GOF Music

It is tragically but undeniably true that I am not as young as I once was. Don't misunderstand me - I'm not old, or anything vulgar like that. These days, simply nobody is old. But my hair is not as luxuriant as it used to be. I would now think twice before walking twelve miles home after a night out drinking, let alone be confident of waking up early the next morning feeling all bright-eyed and bushy tailed. This must mean that I've reached yet another stage in my life. I've done infancy, childhood, teenage and young adult. I've now reached the age of GOF and, to celebrate, I am here and now going to launch GOF culture, which is sure to be the next big thing.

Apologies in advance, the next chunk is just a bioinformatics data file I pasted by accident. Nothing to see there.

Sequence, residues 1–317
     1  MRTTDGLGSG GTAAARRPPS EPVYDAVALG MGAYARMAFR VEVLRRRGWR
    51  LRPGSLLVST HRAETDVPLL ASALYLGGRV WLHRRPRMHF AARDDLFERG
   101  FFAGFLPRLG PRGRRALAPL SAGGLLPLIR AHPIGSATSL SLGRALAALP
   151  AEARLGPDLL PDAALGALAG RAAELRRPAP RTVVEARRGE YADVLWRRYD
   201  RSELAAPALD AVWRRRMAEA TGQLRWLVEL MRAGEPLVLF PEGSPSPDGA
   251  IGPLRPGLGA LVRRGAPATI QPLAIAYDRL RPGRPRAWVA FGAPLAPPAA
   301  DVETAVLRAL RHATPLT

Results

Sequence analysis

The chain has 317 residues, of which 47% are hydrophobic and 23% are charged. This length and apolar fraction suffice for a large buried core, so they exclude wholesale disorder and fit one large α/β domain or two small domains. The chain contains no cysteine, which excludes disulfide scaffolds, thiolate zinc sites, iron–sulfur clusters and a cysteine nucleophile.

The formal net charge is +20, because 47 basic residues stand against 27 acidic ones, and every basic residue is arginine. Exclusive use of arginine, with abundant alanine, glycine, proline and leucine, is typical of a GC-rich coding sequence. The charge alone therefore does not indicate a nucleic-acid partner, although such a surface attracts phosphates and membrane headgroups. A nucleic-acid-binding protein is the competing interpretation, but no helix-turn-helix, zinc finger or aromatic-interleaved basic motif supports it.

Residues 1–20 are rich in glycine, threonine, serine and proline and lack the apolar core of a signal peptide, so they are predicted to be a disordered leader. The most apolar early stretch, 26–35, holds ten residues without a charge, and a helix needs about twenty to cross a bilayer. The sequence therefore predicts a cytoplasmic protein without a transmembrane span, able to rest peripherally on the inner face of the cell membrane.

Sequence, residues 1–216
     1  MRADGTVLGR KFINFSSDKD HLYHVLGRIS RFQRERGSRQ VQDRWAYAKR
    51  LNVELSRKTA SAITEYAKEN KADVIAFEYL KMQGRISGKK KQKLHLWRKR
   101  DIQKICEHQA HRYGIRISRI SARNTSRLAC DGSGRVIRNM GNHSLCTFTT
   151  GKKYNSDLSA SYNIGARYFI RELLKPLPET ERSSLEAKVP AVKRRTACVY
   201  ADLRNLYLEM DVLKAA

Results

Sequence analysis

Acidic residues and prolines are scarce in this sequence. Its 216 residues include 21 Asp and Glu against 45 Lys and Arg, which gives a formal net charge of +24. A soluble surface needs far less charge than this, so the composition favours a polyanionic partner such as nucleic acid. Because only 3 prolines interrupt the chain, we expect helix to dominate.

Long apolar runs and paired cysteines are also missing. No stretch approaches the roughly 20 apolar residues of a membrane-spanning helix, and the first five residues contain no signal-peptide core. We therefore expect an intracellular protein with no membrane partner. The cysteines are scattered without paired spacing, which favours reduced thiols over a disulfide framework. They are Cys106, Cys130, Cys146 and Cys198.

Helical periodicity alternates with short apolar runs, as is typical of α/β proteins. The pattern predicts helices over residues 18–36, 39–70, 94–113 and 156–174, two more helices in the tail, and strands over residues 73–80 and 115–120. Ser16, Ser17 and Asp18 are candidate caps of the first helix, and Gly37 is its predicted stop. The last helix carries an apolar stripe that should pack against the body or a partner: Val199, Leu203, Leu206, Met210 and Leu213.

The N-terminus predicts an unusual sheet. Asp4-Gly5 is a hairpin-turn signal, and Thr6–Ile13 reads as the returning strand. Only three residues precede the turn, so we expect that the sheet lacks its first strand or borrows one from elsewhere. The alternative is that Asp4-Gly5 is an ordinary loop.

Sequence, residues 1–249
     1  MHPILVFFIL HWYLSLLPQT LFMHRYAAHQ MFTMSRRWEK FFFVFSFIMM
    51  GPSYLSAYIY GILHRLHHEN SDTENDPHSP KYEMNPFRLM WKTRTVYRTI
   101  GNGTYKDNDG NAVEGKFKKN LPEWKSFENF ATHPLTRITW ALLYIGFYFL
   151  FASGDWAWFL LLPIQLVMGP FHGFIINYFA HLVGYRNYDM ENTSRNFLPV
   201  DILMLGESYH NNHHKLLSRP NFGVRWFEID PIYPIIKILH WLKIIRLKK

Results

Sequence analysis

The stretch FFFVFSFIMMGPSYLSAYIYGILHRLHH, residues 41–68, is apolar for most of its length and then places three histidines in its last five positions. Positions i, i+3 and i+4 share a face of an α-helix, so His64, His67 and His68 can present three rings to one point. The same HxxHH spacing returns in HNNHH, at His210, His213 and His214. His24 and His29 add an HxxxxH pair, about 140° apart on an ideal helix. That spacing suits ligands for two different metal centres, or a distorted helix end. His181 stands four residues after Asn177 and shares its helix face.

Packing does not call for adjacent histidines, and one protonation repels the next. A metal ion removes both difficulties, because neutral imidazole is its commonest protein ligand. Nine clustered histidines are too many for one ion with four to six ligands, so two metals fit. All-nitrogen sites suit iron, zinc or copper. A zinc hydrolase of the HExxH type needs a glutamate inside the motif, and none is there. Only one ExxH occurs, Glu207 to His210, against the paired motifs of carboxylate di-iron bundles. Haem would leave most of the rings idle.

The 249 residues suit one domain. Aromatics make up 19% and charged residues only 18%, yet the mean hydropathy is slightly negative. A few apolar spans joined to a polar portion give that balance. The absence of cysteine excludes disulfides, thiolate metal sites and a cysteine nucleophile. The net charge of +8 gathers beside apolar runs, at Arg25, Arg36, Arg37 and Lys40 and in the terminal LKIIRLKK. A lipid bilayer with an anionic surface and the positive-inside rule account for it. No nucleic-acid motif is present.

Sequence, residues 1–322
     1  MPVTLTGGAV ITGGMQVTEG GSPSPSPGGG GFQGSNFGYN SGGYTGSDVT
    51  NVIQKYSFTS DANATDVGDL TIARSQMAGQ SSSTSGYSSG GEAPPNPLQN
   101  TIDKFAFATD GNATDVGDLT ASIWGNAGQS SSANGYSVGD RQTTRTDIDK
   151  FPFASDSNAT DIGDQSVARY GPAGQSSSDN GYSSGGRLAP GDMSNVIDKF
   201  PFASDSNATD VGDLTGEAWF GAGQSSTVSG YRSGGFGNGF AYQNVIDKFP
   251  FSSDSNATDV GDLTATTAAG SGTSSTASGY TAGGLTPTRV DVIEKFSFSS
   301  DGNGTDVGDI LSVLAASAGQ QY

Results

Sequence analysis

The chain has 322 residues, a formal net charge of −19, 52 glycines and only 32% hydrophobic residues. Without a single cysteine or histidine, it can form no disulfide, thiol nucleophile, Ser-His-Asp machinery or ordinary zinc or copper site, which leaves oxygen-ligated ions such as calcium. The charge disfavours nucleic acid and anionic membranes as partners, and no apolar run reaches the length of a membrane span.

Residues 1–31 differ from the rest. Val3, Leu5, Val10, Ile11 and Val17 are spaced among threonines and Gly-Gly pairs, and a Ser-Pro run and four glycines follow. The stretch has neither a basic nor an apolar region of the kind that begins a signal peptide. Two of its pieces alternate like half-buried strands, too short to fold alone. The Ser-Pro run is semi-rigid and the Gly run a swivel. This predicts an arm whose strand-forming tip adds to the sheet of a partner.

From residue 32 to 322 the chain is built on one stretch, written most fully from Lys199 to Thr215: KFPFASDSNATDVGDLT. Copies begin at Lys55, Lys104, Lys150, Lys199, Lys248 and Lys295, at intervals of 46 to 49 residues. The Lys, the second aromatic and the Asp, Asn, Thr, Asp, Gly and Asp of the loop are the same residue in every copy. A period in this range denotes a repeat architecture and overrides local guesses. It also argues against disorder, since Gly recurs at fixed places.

The quicker-witted amongst you will already have worked out that GOF stands for Groovy Old Fart. The GOF movement is not to be confused with the Goth movement. We don't sing about alienation and decay, we sing about declining standards in education and the incontrovertible fact that many TV presenters can't talk properly. We don't dress in black, we're far more likely to wear a jaunty and ironic beige. (GOF superstars, of course, often shop at M&S). Our hair, if present at all, is likely to be silver in colour or, as we prefer to call it, grey.

We are forthright and honest and not as strong as we used to be.

We are GOF.